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Green fingers needed for historic estate; Liverpool lights up the streets for a night of cultural delights.

Byline: Lorna Hughes

AMATEUR gardeners are being invited to help preserve the magnificent gardens at a historic Wirral estate.

The Grade II listed Thornton Manor, home to three generations of Leverhulmes, boasts more than 60 acres of grounds and parkland.

The gardens were created a century ago by Thomas Mawson - the principal English landscape architect of his day. William Lever, founder of the Port Sunlight soap empire had moved into Thornton Manor and was Mawson's most important client. Dave Milner, one of the late Lord Leverhulme's gardeners who has spent more than 40 years tending the vast landscape of the estate, is leading the call for volunteers.

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or write 48, Old Liverpool Today there are only three gardeners at Thornton Manor which, although sold after the death of the third Viscount Leverhulme in 2000, remains a private manor home and is virtually unaltered.

Dave, 59, went to work for Lord Leverhulme straight from school in 1969 and was once one of 20 gardeners employed to look after the estate.

He said: "I'm working outside on my own much of the time - and 60 acres is a lot of garden. Having volunteers would mean I could concentrate on more detailed work.

"The gardens at Thornton Manor are at their best in spring - the azaleas, magnolias and rhododendrons are just beginning to bloom and will soon be a blaze of colour. There's no place in Wirral quite like this."

views letters@co.uk, PO Box Street, L69 3EB Dave said volunteers don't need a great deal of experience, simply a love of gardening.

He added: "It would just be leisurely work and no one has to use any machinery.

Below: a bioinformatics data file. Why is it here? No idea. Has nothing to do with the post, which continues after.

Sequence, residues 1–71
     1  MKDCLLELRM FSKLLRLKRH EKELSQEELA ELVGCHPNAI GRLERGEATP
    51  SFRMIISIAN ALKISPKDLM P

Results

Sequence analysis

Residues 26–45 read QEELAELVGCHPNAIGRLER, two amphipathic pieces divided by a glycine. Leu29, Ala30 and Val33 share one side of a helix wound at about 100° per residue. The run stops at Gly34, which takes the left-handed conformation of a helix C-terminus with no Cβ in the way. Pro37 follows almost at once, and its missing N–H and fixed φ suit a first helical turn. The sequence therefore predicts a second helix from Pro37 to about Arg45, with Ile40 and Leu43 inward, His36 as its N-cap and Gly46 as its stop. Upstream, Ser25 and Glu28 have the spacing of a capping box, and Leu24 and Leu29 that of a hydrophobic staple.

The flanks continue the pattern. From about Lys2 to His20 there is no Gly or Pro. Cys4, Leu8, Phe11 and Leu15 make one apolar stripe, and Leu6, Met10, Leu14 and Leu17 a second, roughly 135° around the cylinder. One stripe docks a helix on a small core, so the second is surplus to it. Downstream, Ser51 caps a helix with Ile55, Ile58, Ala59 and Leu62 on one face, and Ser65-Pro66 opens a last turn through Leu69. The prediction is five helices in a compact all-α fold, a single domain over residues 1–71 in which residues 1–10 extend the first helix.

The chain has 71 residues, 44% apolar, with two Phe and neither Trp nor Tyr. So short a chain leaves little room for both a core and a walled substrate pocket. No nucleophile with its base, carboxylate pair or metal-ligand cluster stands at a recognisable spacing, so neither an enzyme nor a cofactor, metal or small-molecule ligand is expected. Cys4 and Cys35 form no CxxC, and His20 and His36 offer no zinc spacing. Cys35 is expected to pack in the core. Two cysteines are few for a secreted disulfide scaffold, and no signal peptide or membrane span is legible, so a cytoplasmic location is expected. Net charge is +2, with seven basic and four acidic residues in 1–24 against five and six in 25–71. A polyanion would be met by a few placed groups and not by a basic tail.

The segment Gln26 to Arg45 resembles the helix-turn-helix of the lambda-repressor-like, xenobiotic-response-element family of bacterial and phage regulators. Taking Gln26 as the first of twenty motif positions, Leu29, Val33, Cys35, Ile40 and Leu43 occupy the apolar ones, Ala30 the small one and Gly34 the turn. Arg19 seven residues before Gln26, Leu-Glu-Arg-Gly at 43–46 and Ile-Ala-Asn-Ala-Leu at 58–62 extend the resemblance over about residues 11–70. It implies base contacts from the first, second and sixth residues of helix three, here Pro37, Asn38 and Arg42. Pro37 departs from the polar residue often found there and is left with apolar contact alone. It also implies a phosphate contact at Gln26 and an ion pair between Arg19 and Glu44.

"I'll be there to give advice, so there's no need to worry. People can do as many or as few hours as they want. They can even make a bit of a social occasion out of it as we'll be setting up a refreshment room too, maybe in the saddle room."

Volunteers should call Thornton Manor on 0151 353 1155.

CULTURE fans took to the streets to celebrate Liverpool's first Light Night.

More than 50 city centre venues opened their doors late into the evening on Friday for a series of events, many of them free.

They included explorer Sir Ranulph Fiennes, who gave a talk at Liverpool University about his many adventures, a behind-thescenes tour of Richard Wilson's Turning The Place Over in Moorfields, and a chance to watch Garston-based movie Under The Mud and meet its stars.

Liverpool Biennial created a spectacular show in Jordan Street, where Belgian artist Filip Gilissen's fiery work launched this year's Biennial prog ramme.

There were also performances by choirs, theatre groups and artists, a French-inspired evening at the Walker to coincide with the opening of its Toulouse-Lautrec exhibition, and a preview of this year's Liverpool Arts Prize in the streets of Liverpool One.

Dan Stinson, who co-ordinated the Light Night event, said: "The response was fantastic and helped create a huge festival for which there was no programming money.

"It gave people a chance to see all the things they meant to, but had not had the chance to get round to doing before."

Liverpool's other late-night cultural festival is Liverpool The Long Night, which this year takes place on November 18.

CAPTION(S):

Helen Maher at The Walker Art Gallery A visitor makes their way into the Biennial trailblazer Warren Wakin gets in the spirit of the festival Sir Ranulph Fiennes at Liverpool University
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Publication:Daily Post (Liverpool, England)
Date:May 17, 2010
Words:584
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